So when we step into the typical school today, we're stepping into the past -- a place whose architect is Frederick Winslow Taylor and whose tenant is the Organization Man. The one American institution that has least accommodated itself to the free agent economy is the one Americans claim they value most. But it's hard to imagine that this arrangement can last much longer -- a One Size Fits All education system cranking out workers for a My Size Fits Me economy. Maybe the answer to the riddle I posed at the beginning is that we're succeeding in spite of our education system. But how long can that continue? And imagine how we'd prosper if we began educating our children more like we earn our livings. Nearly 20 years ago, a landmark government report, A Nation at Risk, declared that American education was "being eroded by a rising tide of mediocrity." That may no longer be true. Instead, American schools are awash in a rising tide of irrelevance.
Don't get me wrong. In innumerable ways, mass public schooling has been a stirring success. Like Taylorism, it has accomplished some remarkable things -- teaching immigrants both English and the American way, expanding literacy, equipping many Americans to succeed beyond their parents' imaginings. In a very large sense, America's schools have been a breathtaking democratic achievement.
But that doesn't mean they ought to be the same as they were when we were kids. Parents and politicians have sensed the need for reform, and have pushed education to the top of the national agenda. Unfortunately, few of the conventional remedies -- standardized testing, character training, recertifying teachers -- will do much to cure what ails American schools, and may even make things worse. Free agency, though, will force the necessary changes. Look for free agency to accelerate and deepen three incipient movements in education -- home schooling, alternatives to traditional high school, and new approaches to adult learning. These changes will prove as pathbreaking as mass public schooling was a century ago.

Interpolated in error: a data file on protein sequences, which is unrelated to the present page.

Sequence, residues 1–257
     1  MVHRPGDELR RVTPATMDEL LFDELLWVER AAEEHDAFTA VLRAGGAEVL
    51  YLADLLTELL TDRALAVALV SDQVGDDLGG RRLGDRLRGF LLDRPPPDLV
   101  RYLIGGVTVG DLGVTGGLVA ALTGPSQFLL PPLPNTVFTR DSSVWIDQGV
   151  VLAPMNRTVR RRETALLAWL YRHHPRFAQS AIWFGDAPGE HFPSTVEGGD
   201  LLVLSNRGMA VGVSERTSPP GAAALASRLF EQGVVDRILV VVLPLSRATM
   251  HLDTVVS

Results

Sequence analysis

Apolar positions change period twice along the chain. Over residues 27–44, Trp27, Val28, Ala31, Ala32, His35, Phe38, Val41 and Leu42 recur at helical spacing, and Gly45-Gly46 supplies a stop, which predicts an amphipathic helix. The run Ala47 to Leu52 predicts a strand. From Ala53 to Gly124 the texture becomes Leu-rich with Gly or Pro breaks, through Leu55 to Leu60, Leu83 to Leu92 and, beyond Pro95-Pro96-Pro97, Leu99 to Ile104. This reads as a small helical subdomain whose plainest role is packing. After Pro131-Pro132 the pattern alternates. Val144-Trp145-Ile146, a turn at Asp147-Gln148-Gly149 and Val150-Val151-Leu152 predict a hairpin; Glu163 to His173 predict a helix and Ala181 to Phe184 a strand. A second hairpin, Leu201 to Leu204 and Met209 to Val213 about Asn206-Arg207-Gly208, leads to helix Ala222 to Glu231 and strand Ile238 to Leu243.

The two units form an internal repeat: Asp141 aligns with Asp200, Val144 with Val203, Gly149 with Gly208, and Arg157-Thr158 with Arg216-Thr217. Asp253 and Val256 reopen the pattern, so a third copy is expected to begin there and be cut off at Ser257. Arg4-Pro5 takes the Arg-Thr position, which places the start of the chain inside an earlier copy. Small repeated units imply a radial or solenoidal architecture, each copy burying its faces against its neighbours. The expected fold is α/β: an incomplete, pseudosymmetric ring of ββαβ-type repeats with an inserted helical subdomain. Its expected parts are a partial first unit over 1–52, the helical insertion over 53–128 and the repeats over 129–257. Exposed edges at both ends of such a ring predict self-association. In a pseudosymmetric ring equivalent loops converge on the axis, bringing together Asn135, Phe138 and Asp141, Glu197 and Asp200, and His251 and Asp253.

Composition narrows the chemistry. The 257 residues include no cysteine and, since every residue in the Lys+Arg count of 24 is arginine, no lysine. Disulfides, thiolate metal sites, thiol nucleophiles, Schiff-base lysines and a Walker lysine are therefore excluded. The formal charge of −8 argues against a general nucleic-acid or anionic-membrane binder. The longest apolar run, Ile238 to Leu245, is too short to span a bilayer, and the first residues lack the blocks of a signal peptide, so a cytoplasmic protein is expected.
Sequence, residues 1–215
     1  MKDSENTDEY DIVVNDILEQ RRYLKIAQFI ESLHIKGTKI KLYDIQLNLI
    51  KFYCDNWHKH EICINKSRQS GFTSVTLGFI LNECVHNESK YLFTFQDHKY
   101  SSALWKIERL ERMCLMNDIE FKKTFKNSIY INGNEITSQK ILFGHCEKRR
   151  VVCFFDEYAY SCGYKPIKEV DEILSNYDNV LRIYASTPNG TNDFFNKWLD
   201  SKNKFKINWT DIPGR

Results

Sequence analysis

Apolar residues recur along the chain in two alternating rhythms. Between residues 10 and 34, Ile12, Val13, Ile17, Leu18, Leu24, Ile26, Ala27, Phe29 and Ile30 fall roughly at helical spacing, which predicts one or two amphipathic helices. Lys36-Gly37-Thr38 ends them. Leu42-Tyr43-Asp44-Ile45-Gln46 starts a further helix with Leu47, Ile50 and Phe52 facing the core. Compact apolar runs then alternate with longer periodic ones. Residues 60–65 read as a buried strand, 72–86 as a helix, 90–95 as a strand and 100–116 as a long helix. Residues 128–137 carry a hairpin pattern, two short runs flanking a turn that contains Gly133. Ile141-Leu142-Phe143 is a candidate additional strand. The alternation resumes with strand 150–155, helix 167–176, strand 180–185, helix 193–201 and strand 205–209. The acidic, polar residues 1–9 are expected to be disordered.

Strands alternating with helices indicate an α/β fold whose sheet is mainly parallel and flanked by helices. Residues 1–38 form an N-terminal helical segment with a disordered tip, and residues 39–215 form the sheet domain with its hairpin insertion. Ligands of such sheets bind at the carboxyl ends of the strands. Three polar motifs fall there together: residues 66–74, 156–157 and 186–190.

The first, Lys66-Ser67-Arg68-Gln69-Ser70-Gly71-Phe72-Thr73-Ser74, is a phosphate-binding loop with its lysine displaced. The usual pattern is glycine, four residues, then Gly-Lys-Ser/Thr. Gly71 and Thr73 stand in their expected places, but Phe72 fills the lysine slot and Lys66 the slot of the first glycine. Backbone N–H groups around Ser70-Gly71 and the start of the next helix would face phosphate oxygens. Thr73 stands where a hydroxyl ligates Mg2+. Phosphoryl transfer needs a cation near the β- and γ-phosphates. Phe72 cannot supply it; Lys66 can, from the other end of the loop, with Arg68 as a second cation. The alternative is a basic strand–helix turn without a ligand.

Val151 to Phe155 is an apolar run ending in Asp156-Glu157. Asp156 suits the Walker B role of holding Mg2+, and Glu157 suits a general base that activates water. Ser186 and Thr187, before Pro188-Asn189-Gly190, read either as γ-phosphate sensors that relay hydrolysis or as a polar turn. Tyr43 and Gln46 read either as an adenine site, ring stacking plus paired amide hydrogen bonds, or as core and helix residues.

The Home-Schooling Revolution
"School is like starting life with a 12-year jail sentence in which bad habits are the only curriculum truly learned." Those are the words of John Taylor Gatto, who was named New York state's Teacher of the Year in 1991. Today he is one of the most forceful voices for one of the most powerful movements in American education -- home schooling. In home schooling, kids opt out of traditional school to take control of their own education and to learn with the help of parents, tutors, and peers. Home schooling is free agency for the under-18 set. And it's about to break through the surface of our national life.
As recently as 1980, home schooling was illegal in most states. In the early 1980s, no more than 15,000 students learned this way. But Christian conservatives, unhappy with schools they considered God-free zones and eager to teach their kids themselves, pressed for changes. Laws fell, and home schooling surged. By 1990, there were as many as 300,000 American home-schoolers. By 1993, home schooling was legal in all 50 states. Since then, home schooling has swum into the mainstream -- paddled there by secular parents dissatisfied with low-quality, and even dangerous, schools. In the first half of the 1990s, the home-schooling population more than doubled. Today some 1.7 million children are home-schoolers, their ranks growing as much as 15 percent each year. Factor in turnover, and one in 10 American kids under 18 has gotten part of his or her schooling at home.
Home schooling has become perhaps the largest and most successful education reform movement of the last two decades: